German movie poster for Aelita
I’m always annoyed at how difficult it is to convince someone to check out a silent film. Why is it like pulling teeth to get folks to experience some of the most dynamic, expressive, and yes, entertaining movies of all time? Case in point, Aelita: Queen of Mars, the first Soviet science fiction film and an absolutely captivating watch from beginning to end.
Based on a novel by Alexei Tolstoy (writer, Nazi apprehender, and distant relative of that other Tolstoy ),Aelita: Queen of Mars is set primarily in post-war Moscow and (you guessed it) Mars. After receiving a mysterious message from outer space, Soviet Engineer Los builds a spaceship. Cut to Mars, where the Emperor Tuskub maintains absolute power, and keeps the Martian proletariat in cold storage when not using their labor. His daughter Aelita has been watching Los through a telescope. She’s fascinated with Earthly ways of life and infatuated with Los, but she’s forbidden from using the telescope, as Tuskub is suspicious of her fascination with the aliens.
When Los comes home one day to catch his wife Natasha friendly with their tenant, a black market criminal, he shoots her in a fit of rage. Disillusioned with his marriage, he sets off for Mars in his ship, taking with him the dynamic revolutionary adventurer, Gusev, who just so happened to be hanging around. When they arrive they’re immediately thrown in prison, along with Aelita as a conspirator. I don’t want to give anything away, but let’s just remember that Soviets were really into revolutionary uprisings. There’s even a scene where a hammer and sickle are smithed, though it’s actually the hammer and sickle being smashed out of shape, shot in reverse for a primitive (but impressive) special effect.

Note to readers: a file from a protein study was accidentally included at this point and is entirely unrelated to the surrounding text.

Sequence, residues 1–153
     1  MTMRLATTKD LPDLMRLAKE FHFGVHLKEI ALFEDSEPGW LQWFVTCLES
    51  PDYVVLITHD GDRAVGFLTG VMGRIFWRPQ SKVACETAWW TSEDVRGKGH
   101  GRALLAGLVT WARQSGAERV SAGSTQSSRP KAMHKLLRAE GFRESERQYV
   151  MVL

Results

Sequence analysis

The film boasted groundbreaking sets and costume designs.
The acting is beautiful and romantic, the plot is grandiose and ambitious, and visually, it’s completely epic. Far from two-dimensional propaganda, the film is complex and nuanced: Natasha and Los’ tenant actually acknowledges the shortages and rationing of the Soviet Union, which is probably why the film eventually fell out of favor with the Soviet government. I cannot recommend this movie enough, as I re-watch it every few months. It’s available on YouTube in its entirety, below.